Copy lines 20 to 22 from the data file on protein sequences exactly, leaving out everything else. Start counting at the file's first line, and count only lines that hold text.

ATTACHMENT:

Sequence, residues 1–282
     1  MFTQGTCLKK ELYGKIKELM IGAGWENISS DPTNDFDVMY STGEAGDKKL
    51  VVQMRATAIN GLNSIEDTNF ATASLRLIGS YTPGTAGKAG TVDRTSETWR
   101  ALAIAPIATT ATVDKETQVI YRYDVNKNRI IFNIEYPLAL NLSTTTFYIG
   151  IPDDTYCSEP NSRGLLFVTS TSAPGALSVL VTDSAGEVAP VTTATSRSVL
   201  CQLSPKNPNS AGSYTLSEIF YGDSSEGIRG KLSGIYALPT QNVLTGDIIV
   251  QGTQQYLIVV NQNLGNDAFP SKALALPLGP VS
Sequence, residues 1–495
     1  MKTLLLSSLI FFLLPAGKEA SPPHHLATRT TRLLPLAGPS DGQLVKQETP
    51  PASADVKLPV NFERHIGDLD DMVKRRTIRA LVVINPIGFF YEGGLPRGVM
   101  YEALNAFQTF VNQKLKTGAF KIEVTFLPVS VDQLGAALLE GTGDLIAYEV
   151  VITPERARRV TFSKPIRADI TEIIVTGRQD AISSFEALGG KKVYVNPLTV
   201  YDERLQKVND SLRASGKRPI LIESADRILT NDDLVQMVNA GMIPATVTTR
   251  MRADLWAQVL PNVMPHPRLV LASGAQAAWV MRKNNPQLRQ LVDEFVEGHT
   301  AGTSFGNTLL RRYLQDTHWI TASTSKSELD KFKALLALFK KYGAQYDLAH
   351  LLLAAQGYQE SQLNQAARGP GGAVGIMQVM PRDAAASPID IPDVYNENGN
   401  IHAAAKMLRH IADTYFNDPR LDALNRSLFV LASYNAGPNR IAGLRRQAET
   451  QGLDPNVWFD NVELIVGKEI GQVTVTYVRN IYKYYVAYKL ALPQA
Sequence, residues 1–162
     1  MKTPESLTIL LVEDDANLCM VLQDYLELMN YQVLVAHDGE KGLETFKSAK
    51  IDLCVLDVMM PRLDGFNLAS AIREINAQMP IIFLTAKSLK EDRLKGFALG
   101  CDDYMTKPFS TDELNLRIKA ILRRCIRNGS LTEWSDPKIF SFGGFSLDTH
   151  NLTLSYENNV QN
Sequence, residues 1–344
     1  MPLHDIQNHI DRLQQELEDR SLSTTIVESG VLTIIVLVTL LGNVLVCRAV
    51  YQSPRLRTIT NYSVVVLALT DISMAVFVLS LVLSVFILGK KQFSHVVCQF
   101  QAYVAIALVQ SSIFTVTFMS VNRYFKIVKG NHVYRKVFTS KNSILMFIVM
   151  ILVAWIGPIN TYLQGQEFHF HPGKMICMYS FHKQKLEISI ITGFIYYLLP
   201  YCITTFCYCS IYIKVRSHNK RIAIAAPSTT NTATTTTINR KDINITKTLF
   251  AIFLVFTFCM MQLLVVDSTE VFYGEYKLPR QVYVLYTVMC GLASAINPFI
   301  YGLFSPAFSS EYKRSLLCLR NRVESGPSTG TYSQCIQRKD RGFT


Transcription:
     1  MKTPESLTIL LVEDDANLCM VLQDYLELMN YQVLVAHDGE KGLETFKSAK
    51  IDLCVLDVMM PRLDGFNLAS AIREINAQMP IIFLTAKSLK EDRLKGFALG
   101  CDDYMTKPFS TDELNLRIKA ILRRCIRNGS LTEWSDPKIF SFGGFSLDTH